our holy cows!
11:47 AM Sep 14th from web in reply to KanchanGupta

Note that Shashi Tharoor didn’t volunteer the expression — he merely repeated the characterization Kanchan Gupta had given the economy class in our domestic airlines.

‘Will you travel in cattle class?’ ‘Yes I will travel in cattle class’.

Had the question been ‘Will you travel in economy class’, the answer would as likely have used the phrase ‘economy class’.

I didn’t see the journalists’ association getting upset over a senior member of the fraternity ‘denigrating’ the people who buy the newspapers that provide journalists with their livelihood, did you, and threatening to drum Gupta out of the profession?

The larger question, as Amit Varma points out, is: exactly who does the reference denigrate? Even prior to this exchange, Tharoor was spotted in cattle class economy class — so at the very least, he includes himself in the ‘cattle’ and denigrates himself along with the rest.

Semantics apart, Amit on his post [and in his appearance on Times Now last night] makes a point Tharoor has since made in his apology. Amit:

If it is derogatory to anyone, it is to the airlines that give their customers so little space, and not to the customers themselves. So whose sensitivity are we talking about here? Air India and Jet?

Tharoor:

“It’s a silly expression but means no disrespect to economy class travellers, only to airlines for herding us in like cattle”.

None of this requires advanced degrees in linguistics to decipher, and that leads you to believe that Tharoor is getting this public rap on the knuckles not because of the use of the phrase “cattle class”, but because of the humorous twist at the end: “with the rest of the holy cows”.

The phrase was, or was interpreted in the notoriously humor-less echelons of the Congress Party to be, a reference to Pranab Mukherjee, who had earlier made a cake of himself by officiously ordering External Affairs Minister SM Krishna and Shashi Tharoor to vacate the five-star hotels they were staying in — and paying for out of their own pockets.

But more even than Pranab, Tharoor’s twit tweet stepped on the most sacrosanct toes of all: those of no less than Sonia Gandhi. Consider that Tharoor posted his little riff on the same day as this. Sonia travels economy, Tharoor talks of holy cows in economy, one plus one clicks in the ‘minds’, if you’ll permit the exaggeration, of the Jayanti Natrajans of this world — and lo, ‘outrage’ germinates in that fertile soil.

The impact of the holy cow Sonia Gandhi is best illustrated by this example. The MP had already paid for his business class ticket — what was the point in merely changing seats with some other passenger, just to show he was ‘flying economy’, too?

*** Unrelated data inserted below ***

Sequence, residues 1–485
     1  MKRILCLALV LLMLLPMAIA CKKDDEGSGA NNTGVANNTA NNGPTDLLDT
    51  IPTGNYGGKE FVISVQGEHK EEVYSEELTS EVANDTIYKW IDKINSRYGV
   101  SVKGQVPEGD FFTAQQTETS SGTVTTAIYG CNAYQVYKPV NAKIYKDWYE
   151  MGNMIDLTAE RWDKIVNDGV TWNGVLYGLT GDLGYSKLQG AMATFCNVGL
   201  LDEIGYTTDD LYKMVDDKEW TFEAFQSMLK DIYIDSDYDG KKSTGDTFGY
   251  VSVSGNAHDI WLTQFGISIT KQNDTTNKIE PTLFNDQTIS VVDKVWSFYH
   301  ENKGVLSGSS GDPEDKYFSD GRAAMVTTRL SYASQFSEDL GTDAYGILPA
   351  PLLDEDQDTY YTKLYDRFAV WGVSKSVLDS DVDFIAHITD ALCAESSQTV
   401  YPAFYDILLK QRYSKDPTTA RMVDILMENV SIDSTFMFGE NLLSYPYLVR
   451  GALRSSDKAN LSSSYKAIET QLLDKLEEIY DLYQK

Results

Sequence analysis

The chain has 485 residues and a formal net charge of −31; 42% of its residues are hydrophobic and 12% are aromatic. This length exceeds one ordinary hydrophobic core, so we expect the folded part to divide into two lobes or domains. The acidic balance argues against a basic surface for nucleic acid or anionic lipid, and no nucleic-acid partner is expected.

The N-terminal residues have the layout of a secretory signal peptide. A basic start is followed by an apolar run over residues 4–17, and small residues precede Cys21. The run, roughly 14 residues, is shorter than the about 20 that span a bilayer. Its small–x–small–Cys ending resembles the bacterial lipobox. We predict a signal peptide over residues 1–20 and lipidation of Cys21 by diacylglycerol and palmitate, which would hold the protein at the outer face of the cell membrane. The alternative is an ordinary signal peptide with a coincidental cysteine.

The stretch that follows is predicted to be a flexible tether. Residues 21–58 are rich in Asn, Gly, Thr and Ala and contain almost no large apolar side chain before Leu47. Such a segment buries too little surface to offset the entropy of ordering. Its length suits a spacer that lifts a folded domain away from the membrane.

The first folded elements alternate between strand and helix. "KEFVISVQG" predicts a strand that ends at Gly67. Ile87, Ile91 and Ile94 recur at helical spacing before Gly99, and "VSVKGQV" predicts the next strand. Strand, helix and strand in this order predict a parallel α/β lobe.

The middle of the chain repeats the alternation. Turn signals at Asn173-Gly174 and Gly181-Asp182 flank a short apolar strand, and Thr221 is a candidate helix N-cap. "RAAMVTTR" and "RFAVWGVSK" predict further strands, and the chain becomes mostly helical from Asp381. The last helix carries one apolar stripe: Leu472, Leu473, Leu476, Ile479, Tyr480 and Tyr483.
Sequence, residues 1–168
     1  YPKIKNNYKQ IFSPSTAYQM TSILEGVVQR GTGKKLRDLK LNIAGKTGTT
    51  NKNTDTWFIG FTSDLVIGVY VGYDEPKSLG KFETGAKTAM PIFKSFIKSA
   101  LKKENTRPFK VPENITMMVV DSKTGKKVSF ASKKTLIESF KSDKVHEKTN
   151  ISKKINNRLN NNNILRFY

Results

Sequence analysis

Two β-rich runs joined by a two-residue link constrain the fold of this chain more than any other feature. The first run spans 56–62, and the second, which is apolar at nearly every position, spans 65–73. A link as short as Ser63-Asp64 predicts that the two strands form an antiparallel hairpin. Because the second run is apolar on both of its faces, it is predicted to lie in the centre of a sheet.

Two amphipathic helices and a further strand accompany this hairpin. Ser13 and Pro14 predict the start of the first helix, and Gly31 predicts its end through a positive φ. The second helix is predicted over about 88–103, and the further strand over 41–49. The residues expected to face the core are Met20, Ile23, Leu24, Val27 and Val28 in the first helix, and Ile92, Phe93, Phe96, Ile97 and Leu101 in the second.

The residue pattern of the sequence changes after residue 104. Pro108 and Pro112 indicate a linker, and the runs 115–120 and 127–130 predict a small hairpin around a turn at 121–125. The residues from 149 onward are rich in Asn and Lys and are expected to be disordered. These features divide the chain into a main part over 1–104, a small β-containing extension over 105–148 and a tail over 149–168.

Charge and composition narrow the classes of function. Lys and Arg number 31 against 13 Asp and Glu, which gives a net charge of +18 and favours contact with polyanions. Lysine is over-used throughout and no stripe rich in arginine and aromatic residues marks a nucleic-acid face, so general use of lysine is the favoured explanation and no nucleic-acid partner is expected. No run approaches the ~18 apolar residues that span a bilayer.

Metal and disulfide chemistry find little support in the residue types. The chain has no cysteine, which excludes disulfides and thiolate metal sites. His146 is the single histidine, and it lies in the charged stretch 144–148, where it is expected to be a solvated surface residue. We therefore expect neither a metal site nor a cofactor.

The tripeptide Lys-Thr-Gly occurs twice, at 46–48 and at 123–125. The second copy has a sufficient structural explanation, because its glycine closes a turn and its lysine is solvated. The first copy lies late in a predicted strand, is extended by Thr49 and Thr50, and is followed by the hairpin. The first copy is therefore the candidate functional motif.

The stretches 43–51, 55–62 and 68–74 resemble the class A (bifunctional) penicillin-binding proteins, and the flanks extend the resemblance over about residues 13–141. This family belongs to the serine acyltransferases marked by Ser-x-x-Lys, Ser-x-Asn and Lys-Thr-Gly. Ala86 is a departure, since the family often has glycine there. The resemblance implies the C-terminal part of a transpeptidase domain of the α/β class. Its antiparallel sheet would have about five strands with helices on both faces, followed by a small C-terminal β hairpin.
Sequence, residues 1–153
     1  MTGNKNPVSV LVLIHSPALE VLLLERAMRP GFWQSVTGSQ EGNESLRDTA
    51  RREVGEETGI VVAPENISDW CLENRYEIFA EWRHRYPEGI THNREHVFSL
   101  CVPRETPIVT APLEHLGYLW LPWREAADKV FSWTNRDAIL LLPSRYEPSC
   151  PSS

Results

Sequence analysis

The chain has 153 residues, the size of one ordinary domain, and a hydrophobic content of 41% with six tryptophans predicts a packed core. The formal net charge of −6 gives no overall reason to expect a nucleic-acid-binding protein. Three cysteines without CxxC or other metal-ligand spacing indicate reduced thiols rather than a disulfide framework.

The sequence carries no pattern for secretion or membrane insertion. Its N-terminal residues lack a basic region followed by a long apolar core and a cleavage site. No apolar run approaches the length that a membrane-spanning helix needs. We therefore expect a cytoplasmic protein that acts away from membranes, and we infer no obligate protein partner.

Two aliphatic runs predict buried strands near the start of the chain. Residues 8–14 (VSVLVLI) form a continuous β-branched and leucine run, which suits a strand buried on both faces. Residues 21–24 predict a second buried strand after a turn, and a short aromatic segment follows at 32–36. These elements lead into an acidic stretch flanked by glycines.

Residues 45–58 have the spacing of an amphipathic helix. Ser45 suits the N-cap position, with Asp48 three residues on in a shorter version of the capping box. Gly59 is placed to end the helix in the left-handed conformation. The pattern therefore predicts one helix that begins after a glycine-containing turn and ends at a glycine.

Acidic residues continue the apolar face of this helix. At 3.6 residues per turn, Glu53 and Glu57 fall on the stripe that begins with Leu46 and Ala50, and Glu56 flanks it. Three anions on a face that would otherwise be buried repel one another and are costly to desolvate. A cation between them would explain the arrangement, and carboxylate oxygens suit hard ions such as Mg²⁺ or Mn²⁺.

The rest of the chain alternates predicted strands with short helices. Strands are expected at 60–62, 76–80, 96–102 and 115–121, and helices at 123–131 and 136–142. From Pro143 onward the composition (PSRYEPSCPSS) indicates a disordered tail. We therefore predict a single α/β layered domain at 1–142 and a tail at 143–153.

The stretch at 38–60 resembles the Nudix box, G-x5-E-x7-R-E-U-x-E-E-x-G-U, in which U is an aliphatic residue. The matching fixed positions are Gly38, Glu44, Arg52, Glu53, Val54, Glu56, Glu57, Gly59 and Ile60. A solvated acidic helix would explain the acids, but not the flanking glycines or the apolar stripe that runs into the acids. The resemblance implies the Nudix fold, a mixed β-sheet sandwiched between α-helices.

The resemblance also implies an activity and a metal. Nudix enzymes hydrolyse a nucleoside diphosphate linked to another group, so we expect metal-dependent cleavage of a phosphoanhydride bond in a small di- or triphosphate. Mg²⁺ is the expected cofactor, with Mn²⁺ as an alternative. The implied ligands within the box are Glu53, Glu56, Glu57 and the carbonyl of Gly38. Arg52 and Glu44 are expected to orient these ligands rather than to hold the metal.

It reminds me of an incident from when, back in the day, AP chief minister NTR launched an austerity drive of his own. One day, local newspapers were full of pictures of a particular state minister arriving at the railway station, ostensibly getting into the train and settling down in his seat. Trouble was, next day the same newspapers carried the story of how, while the minister was traveling on official work from one city to the next, his car — and entourage — had traversed that same distance by road and was waiting for him at his destination. The minister’s innocent explanation: I needed my official car there to attend meetings and for other work, what is wrong with that?

I don’t blame the minister, do you? We have become a nation of gestures [consider this one, from the holy cow reigning high priestess of austerity], of tokenism — how was the poor fellow supposed to know? [Just like Bhiwandi MP Suresh Tawre, who thought all he had to do was switch seats to fulfill the ‘austerity’ requirement to the satisfaction of his holy cow boss.]

Question for Pranab, the party’s enforcer: How much of recent actions against colleagues in the External Affairs Ministry has to do with austerity and other shibboleths, and how much has it to do with the fact that when your boss, the Prime Minister, stumbled into deep doo-doo over the Sharm-e-Sharif statement relating to Pakistan, the External Affairs Minister didn’t save MMS by falling on the sword?

Update: The TimesNow debate on the Tharoor Tweet now up on India Uncut in video.

Sehwagology

Came in to work this morning [I am not making this up], logged into Cricinfo as soon as my browser opened, shrugged my way past headlines about England losing its 5th straight game this time by 111 runs and South Africa being outraged about its players not being named for some ICC awards no one knows about, and looked lower left for the latest installment of Sehwag sound bytes.

Apparently the interview ended with part 2 — and how said is that!

Courtesy my friend Rahul Bhatia, a tiny dose to keep you amused.

On an unrelated note, phenomenally busy Friday, so see you when and if…